On May 1, 1915, it set sail for Liverpool departing from New York. Despite warnings in New York newspapers (from the German Embassy) that “vessels flying under the flag of Great Britain, or any of her allies, are liable to destruction”, there were 1,924 people on board. The warnings were taken seriously by some as the number of passengers was only half the ship’s capacity. The Captain felt the ship was safe as it could ‘outrun’ any German submarines.  Still, the ship was on ‘high alert’ when it was torpedoed in the Irish Sea by a German U-boat on May 7th and sank within 20 minutes, with 1,198 people perishing; 128 were Americans.

Sentiment mounted in the US to declare war on Germany, but Wilson hesitated. In fact, he waited two years and didn’t officially declare war until April, 1917.

Marion headed to France on the SS Rochambeau on May 17, 1917, two years after the sinking of the Lusitania. While still on board the ship, the first line in her first letter home is “Well, no submarines so far….”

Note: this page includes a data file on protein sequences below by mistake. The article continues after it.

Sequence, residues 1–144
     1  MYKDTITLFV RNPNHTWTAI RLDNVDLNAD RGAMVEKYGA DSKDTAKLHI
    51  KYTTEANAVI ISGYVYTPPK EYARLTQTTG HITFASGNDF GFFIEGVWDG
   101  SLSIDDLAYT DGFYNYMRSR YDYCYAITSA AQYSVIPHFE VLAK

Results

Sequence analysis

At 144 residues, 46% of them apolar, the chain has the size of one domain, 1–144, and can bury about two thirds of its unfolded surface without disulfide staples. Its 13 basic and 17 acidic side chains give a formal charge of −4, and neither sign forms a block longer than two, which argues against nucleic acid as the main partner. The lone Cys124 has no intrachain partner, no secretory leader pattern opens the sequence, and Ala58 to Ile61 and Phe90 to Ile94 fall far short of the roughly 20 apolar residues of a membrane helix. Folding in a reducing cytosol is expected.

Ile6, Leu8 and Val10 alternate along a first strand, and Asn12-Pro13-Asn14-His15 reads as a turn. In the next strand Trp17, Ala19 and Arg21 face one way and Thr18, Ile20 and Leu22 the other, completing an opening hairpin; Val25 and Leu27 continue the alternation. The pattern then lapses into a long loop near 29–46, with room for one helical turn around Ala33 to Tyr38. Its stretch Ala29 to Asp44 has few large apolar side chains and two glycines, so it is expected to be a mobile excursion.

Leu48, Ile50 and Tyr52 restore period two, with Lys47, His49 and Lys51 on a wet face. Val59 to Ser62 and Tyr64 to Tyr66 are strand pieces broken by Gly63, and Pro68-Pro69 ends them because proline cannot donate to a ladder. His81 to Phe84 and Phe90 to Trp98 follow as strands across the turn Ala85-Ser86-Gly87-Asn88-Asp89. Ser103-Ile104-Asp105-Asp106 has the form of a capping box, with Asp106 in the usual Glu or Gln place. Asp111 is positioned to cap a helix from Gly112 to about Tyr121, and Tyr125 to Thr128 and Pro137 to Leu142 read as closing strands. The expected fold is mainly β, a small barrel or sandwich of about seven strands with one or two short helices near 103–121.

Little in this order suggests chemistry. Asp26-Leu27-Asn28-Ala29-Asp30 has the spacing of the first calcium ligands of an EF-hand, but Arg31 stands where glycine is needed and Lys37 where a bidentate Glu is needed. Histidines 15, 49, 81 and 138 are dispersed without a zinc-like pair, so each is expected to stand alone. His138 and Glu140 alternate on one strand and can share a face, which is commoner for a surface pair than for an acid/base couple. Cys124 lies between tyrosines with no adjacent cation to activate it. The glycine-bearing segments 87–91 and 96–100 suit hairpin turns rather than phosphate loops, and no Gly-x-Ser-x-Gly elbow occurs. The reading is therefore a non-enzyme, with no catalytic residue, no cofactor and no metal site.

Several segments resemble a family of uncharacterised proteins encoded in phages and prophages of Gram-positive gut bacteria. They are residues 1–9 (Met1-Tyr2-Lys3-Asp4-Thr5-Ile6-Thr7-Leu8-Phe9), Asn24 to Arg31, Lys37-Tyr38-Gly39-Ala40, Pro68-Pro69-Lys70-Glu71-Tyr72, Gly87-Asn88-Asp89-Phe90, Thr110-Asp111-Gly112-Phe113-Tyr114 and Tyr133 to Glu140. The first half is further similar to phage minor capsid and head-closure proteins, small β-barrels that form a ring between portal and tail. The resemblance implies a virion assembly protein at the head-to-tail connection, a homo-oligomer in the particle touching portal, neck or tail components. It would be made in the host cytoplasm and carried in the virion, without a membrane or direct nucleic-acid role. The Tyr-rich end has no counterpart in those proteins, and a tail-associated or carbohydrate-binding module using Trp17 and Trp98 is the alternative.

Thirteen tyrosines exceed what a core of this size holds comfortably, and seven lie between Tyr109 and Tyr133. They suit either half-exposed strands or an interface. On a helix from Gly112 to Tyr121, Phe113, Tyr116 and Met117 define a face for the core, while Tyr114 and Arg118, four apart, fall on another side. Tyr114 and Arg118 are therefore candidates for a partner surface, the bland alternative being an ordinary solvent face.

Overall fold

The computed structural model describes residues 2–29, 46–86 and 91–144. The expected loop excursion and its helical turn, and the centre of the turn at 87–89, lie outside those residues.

There have been many books written about the Lusitania. The latest one (2015), Dead Wake by Dead WakeErik Larson is the type of narrative non-fiction that captures the reader and keeps our attention from the first page until the last. His attention to detail and recounting of the history and demise of this famous ship is told from every side, British, US and German. The book is a gripping account of a time in history and provides a different perspective on a memorable event.

 

 

 

 

 

Kodak and Aerial Photography

Alexine by Lt. Hoyt_WWI001v2While Marion was busy journaling their experiences during WWI, Alexine, Marion’s sister, was taking photographs as they traveled about doing their work. Alexine first mentions ‘investing’ in a Kodak in a letter home from Paris (April, 1917) and actually writes about taking pictures in a letter dated May, 1917. In the photo at left she is holding the Kodak that she used. While we don’t have her original camera, we have many photographs that she took, most with outstanding clarity and detail. So many of the pictures are the exact size of the film, making us think that the developers made ‘contact’ sheets of the negatives.